Blind Spots in Cars Could Be a Thing of the Past, Thanks to 14-Year-Old's Invention

Freshman Alaina Gassler just won $25,000 at a prestigious national engineering and science competition for her idea.

A 14-year-old student may have just revolutionized the way people drive.

Alaina Gassler, a freshman at Avon Grove Charter School in West Grove, Pennsylvania, just won a $25,000 prize for potentially eliminating the blind spots on a car.

It all started with their family’s SUV. She told Inside Edition that her mom never liked to drive the car because its A-pillars caused blind spots.

“It had the common one when you are trying to change lanes and you have to look back over your shoulder to make sure things are OK,” mom Meagan Gassler said. “It also had this huge passenger side blind spot that made me really nervous pulling up to intersections, worried that I might hit bikers”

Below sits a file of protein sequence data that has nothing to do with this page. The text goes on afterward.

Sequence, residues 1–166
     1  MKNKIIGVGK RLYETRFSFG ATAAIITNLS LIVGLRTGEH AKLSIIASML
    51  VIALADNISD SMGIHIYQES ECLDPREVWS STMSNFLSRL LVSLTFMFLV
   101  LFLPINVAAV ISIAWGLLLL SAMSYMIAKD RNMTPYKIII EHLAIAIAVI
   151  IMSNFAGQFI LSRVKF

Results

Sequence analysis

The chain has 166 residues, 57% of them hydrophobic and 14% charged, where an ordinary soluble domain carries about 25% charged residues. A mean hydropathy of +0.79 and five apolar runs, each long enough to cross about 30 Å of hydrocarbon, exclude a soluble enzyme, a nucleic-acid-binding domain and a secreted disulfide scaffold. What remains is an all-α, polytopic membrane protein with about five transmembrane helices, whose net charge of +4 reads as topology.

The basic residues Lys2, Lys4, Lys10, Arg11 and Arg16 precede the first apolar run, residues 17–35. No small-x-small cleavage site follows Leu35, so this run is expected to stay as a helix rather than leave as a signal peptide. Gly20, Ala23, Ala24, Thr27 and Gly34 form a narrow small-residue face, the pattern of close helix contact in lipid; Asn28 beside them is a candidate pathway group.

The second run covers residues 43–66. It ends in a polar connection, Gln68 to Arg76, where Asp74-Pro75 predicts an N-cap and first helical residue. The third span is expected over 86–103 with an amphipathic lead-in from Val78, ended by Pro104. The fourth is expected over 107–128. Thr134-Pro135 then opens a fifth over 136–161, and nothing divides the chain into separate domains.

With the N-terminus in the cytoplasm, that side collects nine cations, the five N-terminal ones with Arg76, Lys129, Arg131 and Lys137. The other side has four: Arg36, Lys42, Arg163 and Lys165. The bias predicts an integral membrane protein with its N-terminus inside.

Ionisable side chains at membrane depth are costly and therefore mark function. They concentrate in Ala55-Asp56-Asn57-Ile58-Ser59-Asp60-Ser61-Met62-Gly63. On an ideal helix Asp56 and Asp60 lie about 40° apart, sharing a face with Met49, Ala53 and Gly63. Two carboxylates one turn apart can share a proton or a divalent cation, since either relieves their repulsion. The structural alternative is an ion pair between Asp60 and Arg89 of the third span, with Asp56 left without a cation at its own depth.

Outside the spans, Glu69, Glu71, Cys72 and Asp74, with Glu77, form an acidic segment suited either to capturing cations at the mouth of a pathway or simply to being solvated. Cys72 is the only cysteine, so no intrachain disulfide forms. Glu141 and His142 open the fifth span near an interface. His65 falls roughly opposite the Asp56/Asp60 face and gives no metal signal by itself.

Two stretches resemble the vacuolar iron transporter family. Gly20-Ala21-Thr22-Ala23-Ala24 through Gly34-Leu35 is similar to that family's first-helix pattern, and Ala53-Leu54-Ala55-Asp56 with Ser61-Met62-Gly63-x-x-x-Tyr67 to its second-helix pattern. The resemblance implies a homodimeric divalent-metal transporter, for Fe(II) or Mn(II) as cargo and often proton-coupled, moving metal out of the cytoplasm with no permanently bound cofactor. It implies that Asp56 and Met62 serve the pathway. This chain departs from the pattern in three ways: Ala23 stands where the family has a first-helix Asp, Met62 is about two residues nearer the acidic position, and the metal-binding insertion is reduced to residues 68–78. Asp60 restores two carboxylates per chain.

Alaina added, “These blind spots, even though they don’t look very big, they can block out entire cars.”

Her idea, for which she won the Samueli Foundation Prize at the science and engineering competition, Broadcom MASTERS, eliminated the problem by mounting a webcam to the outside of the car that would capture live video of the blind spots.

The video would then be broadcast to a projector mounted above the driver’s head.

“It's mounted onto the sunroof we have … and it projected the image onto the blind spot,” Alaina said. “It’s so exciting that it worked."